When your child is a little anxious to have their cavities fixed, nitrous oxide (laughing gas) may be a good option for them. It is recognized as a safe and effective way to reduce anxiety and provide analgesia. The goal of a nitrous oxide/oxygen inhalation appointment is to help reduce anxiety, enhance communication and patient cooperation, raise the pain threshold, increase tolerance for longer procedures and reduce gagging. Our board-certified pediatric dentists will help determine if your child is a candidate for nitrous oxide/oxygen inhalation.
Conscious Sedation is recommended for apprehensive children, very young children, and children with special needs. It is used to calm your child and to reduce the anxiety or discomfort associated with dental treatments. Your child may become quite drowsy and may even fall asleep, but they will not become unconscious.
There are a variety of different medications that can be used for conscious sedation. Your dentist or dental anesthesiologist will prescribe the medication best suited for your child’s overall health and dental treatment plan. We will be happy to answer any questions you might have concerning the specific medicine we plan to administer to your child.
There are times when your child might not be able to tolerate or cooperate for necessary dental treatment due to extensive treatment needs, acute situational anxiety, uncooperative age-appropriate behavior, immature cognitive functioning, disabilities, or other medical conditions. If it is determined that your child would benefit and is a candidate for IV sedation, our board-certified dental anesthesiologist will administer the anesthesia and monitor your child while our board-certified pediatric dentist completes the necessary dental work.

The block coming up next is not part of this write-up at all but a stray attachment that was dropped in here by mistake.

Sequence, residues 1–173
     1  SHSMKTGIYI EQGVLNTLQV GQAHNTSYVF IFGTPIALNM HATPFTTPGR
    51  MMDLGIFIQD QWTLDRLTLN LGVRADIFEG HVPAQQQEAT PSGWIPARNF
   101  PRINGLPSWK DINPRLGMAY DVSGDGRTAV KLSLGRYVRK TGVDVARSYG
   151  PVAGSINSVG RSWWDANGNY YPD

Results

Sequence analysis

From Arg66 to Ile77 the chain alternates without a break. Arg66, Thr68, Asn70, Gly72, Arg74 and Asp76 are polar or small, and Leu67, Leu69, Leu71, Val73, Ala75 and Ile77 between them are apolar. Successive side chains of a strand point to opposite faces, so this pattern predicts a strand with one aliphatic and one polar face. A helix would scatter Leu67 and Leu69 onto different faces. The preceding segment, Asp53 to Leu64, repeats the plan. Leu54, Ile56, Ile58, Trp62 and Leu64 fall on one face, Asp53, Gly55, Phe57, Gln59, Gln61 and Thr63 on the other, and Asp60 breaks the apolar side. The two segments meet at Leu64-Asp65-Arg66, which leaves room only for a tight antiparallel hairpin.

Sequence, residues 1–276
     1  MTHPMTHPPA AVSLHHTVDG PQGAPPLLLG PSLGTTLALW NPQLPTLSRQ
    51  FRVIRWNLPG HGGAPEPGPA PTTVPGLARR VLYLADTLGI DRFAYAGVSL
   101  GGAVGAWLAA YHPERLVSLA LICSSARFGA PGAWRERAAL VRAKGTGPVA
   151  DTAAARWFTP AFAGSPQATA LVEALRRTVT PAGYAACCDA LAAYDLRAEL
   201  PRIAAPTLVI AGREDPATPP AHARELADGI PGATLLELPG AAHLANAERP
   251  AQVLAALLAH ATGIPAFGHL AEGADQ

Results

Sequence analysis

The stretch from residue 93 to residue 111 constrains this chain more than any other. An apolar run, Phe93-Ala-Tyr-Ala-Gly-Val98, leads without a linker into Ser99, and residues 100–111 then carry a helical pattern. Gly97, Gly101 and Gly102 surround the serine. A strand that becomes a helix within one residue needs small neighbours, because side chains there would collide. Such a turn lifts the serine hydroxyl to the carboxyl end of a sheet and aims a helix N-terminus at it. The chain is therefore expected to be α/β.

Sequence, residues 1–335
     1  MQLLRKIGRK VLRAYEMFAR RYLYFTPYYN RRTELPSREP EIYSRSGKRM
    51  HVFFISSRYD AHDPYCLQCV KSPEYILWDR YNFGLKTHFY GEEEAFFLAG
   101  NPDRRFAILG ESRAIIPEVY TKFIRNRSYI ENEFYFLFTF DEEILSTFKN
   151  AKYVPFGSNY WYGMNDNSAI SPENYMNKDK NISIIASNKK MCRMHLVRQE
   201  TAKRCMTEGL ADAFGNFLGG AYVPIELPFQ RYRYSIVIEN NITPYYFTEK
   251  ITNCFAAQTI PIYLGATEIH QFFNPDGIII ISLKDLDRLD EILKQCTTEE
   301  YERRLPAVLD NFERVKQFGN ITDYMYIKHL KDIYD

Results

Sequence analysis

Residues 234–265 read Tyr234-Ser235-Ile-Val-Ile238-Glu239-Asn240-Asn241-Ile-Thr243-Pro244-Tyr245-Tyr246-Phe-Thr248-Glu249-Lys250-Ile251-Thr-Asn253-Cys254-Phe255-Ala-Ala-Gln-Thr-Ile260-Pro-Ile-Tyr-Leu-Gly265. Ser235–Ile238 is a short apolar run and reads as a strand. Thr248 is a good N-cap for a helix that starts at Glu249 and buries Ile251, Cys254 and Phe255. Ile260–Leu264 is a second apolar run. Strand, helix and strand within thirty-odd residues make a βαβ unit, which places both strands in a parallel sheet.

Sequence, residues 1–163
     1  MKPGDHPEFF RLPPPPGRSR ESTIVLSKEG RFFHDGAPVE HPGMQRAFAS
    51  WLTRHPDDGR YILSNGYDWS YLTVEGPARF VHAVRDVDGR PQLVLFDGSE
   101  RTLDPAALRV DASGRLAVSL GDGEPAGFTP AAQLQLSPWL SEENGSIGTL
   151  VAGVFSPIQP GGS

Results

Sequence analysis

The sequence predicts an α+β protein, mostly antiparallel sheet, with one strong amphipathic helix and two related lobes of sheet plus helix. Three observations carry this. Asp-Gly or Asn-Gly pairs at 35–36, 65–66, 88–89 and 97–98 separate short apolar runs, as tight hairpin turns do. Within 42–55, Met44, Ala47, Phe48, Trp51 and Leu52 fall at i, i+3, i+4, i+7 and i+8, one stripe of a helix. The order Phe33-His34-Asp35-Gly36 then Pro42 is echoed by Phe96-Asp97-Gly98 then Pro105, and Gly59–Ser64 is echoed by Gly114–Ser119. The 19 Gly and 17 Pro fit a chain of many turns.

Outpatient General Anesthesia is recommended for apprehensive children, very young children, and children with special needs that do not work well under conscious sedation or I.V. sedation. General anesthesia renders your child completely asleep. This would be the same as if he/she was having their tonsils removed or having a hernia repaired. Outpatient General Anesthesia is performed in a hospital or outpatient setting only. While the assumed risks are greater than that of other treatment options, the benefits of this treatment greatly outweigh the risks. If this is not chosen, your child risks having multiple appointments, potential for physical restraint to complete treatment, and possible emotional and/or physical injury to your child in order to complete their dental treatment. The risks of NO treatment include tooth pain, infection, swelling, the spread of new decay, damage to their developing adult teeth and possible life threatening hospitalization from a dental infection